08/21/2014 10:44 am ET Updated Dec 06, 2017

Geodesic Homes May Not Be Trendy, But Here's Why You Should Love Them Anyway

Sure, everyone's heard of Cape Cod homes, ranches, A-frame houses, McMansions and the like, but there's one style of home that isn't quite as trendy and we're about to tell you why it should be.

Enter, geodesic homes.

Known for their rugged, dome-like design, geodesic homes were invented by American architect R. Buckminster Fuller, who, according to the Buckminster Fuller Institute, "spent much of the 20th century looking for ways to improve human shelter." His vision would rise to popularity with 1960s and 1970s and become more widely known as "dome homes."

And while the comfortable, efficient and futuristic structures have not quite reached '60s-level success, here are the reasons we think they should keep these homes on your radar still.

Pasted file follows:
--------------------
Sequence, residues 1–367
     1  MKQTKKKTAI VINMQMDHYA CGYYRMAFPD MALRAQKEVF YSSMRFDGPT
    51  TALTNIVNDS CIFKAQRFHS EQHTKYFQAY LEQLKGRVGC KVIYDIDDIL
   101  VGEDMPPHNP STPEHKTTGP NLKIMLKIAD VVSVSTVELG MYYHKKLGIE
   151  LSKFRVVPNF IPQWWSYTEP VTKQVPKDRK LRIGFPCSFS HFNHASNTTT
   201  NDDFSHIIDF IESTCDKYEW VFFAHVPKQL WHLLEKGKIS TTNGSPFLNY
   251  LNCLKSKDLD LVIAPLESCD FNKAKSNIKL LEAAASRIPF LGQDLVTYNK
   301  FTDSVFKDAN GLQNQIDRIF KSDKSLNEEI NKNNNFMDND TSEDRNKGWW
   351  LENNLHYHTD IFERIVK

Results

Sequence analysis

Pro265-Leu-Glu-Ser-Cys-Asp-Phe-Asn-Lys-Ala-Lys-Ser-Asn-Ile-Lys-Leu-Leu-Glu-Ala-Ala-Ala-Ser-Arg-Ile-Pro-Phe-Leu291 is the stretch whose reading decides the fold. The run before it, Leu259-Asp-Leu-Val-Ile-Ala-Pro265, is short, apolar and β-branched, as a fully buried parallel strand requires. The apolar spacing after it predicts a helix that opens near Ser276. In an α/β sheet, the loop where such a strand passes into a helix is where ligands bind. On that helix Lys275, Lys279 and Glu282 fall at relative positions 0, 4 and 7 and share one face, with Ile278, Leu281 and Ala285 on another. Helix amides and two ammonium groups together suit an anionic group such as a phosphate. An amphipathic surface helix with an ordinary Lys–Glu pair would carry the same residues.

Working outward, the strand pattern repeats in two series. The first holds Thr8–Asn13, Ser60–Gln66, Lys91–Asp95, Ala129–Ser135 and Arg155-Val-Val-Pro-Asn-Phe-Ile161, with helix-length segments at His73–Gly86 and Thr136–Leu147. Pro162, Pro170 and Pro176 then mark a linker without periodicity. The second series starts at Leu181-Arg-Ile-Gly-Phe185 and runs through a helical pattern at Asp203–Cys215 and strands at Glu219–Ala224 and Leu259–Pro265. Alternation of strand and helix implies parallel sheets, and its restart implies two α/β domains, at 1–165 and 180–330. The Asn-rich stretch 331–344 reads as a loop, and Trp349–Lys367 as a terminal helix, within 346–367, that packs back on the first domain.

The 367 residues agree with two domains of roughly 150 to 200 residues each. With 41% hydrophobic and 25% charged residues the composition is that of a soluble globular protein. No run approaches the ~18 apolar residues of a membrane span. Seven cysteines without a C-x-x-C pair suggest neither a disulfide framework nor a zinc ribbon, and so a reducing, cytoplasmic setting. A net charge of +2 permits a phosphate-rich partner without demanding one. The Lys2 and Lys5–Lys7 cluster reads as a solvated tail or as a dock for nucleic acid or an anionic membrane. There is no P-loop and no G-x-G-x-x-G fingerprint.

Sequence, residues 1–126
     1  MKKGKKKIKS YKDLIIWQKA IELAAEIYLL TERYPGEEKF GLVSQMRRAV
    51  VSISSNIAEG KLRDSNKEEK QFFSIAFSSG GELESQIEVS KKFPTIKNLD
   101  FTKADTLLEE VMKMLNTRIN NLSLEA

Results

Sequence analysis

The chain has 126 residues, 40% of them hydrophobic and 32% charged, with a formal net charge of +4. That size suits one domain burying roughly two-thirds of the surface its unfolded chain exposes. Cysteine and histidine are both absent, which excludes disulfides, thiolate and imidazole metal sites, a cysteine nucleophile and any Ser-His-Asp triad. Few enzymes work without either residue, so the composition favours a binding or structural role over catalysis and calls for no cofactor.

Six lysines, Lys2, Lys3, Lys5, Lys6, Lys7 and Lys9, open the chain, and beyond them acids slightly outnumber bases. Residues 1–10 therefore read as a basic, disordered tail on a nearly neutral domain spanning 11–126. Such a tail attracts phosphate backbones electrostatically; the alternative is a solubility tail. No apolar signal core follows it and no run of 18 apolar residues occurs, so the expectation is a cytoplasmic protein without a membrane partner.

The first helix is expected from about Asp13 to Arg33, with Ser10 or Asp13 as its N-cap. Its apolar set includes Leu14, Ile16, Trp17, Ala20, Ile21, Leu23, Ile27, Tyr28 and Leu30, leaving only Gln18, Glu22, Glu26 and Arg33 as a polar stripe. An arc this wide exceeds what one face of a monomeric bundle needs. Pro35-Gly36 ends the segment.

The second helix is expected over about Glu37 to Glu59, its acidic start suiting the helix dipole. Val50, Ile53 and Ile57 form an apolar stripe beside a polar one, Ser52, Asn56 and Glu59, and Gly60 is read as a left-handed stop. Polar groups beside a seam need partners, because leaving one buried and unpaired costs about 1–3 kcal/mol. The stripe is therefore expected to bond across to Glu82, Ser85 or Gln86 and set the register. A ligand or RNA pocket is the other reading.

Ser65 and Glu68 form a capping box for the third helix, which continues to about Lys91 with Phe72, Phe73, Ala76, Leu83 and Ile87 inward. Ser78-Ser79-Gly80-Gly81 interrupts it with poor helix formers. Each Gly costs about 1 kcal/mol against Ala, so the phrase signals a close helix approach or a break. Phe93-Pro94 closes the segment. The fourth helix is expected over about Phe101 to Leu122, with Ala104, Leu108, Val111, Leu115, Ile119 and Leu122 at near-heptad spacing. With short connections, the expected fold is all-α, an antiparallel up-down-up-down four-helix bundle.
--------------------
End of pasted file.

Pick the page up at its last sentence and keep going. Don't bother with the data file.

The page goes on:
1. They're aesthetically appealing.

While they may be a bit (okay, very) unconventional, geodisic homes offer a futuristic look that's guaranteed to be the most unique home on the block.

2. They use minimum materials for the maximum amount of space.

Forget inconvenient support beams and cramped quarters. Because of their curved walls and ceiling, these dwellings use about a third less surface area to enclose the same volume as a traditional home.

3. They're energy efficient.

Because of their spherical design and minimal surface area, dome homes are less susceptible to cold temperatures in the winter and heat in the summer, and they rarely experience radiant heat loss. On average, the net annual energy savings for a geodesic homeowner is 30 percent lower than occupants of rectangular houses.

4. They offer protection from the elements.

Hurricanes and earthquakes are no match for the dome. Granted, not every geodesic home is as sturdy as Florida's "Super Dome," which can withstand winds over 300 miles per hour before experiencing damage, but they do offer significant protective benefits nonetheless.

5. They're a DIY-lovers dream.

Some basic versions of the homes come in lightweight, color-coded kits that can be assembled in a few days time with some simple tools, a little elbow grease and maybe help from friends. But if you're not ready for the manual labor, these guys can do it for you.

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